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United Auto Group Received 12,600 Deposits For Smart Cars
Dow Jones
May 09, 2007: 03:20 PM EST

DETROIT -(Dow Jones)- United Auto Group Inc. (UAG), the nation's second largest auto retailer, said Wednesday that in just over five weeks it has received $99 deposits from 12,600 people eager to be among the first buyers of DaimlerChrysler AG's (DCX) two-seat Smart "fortwo" mini car when it hits U.S. showrooms in 2008.

United Auto Group, which owns the Smart USA division of DaimlerChrysler's Smart unit, kicked off a program in March that offers people the opportunity to be a Smart "insider" and get on a waiting list in return for a refundable $99 deposit. United Auto Group Vice President Tony Pordon said the company has seen considerable interest in the product due to a growing demand for fuel-efficient cars and a continued interest in unique cars.

"With fuel prices escalating and this car promising 40 miles per gallon, they're looking at it as an economical way to be able to adapt to changes in the marketplace," Pordon said in a telephone interview. Smart vehicles are slated to have a base price below $12,000.

United Auto Group, in cooperation with DaimlerChrysler, is doing what many " gray market" distributors have been attempting to do for years in sparking American interest in Smart cars, which are about the size of golf carts but more technologically advanced than many of the cars already on U.S. roads. While Smart products are dwarfed by most vehicles, they are certified with four-star crash worthiness. auto analyst Michelle Krebs noted that DaimlerChrysler was going to put Smart cars on sale earlier in the decade, but that effort stalled due to financial problems DaimlerChrysler had at the Smart division. Now, "with gas prices looking at $4 a gallon this summer, this is perfect timing," said Krebs.

Pordon said the company does not know how many people who have given deposits will follow through and actually buy a Smart two-seater, but he expects the retention rate to be high. The company only plans to sell 16,000 Smarts next year in three configurations - the base "Pure" model, the upgraded "Passion" model and the "Passion" cabriolet.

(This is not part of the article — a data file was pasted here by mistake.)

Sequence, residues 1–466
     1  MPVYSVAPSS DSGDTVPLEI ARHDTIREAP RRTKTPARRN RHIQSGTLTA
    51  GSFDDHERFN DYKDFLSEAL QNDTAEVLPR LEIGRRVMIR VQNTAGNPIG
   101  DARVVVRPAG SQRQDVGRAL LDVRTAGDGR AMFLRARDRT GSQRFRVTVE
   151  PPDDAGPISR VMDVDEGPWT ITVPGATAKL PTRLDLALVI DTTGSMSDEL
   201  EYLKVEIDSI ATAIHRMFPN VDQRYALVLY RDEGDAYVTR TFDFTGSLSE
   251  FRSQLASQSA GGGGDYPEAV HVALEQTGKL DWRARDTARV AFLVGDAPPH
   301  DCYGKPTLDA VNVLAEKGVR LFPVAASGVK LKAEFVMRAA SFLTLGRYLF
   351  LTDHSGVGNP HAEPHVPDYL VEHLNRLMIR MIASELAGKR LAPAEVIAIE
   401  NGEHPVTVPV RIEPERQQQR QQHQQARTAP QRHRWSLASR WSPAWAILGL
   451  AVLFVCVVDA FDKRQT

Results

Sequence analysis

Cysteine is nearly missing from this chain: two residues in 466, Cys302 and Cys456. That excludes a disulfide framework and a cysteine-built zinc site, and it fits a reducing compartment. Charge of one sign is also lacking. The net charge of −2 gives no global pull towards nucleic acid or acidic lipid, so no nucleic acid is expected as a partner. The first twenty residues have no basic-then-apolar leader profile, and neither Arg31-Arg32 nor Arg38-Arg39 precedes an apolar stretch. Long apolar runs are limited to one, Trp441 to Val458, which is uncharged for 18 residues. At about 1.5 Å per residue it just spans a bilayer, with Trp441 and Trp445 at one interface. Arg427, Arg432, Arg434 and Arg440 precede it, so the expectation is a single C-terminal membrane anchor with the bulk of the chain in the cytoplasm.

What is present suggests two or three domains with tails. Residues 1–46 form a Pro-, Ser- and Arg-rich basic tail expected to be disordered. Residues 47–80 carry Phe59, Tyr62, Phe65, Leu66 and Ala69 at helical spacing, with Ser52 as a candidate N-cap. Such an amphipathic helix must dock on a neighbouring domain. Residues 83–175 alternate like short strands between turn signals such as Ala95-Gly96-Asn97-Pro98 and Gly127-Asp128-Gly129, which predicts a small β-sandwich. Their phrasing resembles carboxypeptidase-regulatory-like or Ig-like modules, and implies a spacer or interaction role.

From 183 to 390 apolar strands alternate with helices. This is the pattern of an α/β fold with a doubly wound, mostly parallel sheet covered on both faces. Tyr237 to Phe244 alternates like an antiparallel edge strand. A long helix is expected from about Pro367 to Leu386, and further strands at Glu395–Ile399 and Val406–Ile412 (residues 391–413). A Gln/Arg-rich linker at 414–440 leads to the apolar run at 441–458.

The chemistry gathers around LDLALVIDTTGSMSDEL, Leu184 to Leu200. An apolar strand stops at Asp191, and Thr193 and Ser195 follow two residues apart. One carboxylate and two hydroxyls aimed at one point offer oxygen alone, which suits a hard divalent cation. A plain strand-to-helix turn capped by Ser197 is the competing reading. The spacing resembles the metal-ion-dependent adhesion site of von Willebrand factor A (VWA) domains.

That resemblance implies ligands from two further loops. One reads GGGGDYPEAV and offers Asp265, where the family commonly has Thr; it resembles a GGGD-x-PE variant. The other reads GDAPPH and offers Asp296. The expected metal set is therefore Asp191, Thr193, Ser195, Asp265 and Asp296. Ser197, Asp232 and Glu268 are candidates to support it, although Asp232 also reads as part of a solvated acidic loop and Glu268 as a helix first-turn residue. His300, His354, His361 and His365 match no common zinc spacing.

While consumers are given a shot at getting in line for what might be a hot product, United Auto Group sees the $99 deposit scheme as an ideal way to do consumer research. Essentially, the company is getting a fairly accurate snapshot of what kind of models its buyer-base is interested in, so it can order pools of cars from DaimlerChrysler that they can actually sell in North America. Pordon said the most popular Smart model has proven to be the Passion edition.

Growing Interest In Mini Cars In U.S.

Pordon said that the company could conceivably sell out of the first year's expected volume before the vehicle goes on sale. United Auto Group, which primarily sells luxury models and import brands in the U.S., in addition to operations in Europe, is kicking off a 50-city road show this month in order to drum up more demand.

United Auto Group is currently weeding out 50 to 60 dealers from an initial field of more than 1,000 interested dealers that will be selected as exclusive outlets for the vehicles starting in 2008. Pordon said the company has seen considerable consumer interest in California, New York, Washington D.C. and even in Michigan, where the Big Three Detroit auto makers currently dominate the market.

The initial popularity of Smart comes at a time when mini cars are not even on sale in the U.S. The so-called sub-compact, or B-segment, currently represents the smallest vehicle class in the U.S. and most major manufacturers have a product in the sub-compact class or plans to enter it by decade's end. BMW AG ( BMW.XE) sells a line of Mini Cooper vehicles in the U.S., but those vehicles are much larger than DaimlerChrysler's Smart cars.

Mini cars have taken off in other established markets, including Western Europe, as high energy prices have driven popularity of smaller models. Domestic U.S. auto makers have long stayed away from investing too heavily in manufacturing smaller cars because they offer little or no profit potential and Americans continue to prefer larger cars.

General Motors Corp. (GM), however, is eyeing the embryonic U.S. mini car segment as a potential frontier worthy of exploration. At the New York auto show, GM showed off three mini cars built and designed by the company's Korean unit and offered show-goers the opportunity to vote on which vehicle they liked best.

GM spokesman Mike Albano said the auto maker received 885,000 votes since opening a voting Web site April 4. GM does not know how many repeat visitors voted, but he said the feedback received from the New York Auto Show was "pretty encouraging."

"We still have some work to do to get a better understanding on whether there is a market for this size of vehicle," Albano added.

Premium Member
31,560 Posts
Erm, Driving a normal car in the US is bad enough, but a smart for two in the land of huge 4x4s - that's not a good mix, IMO....
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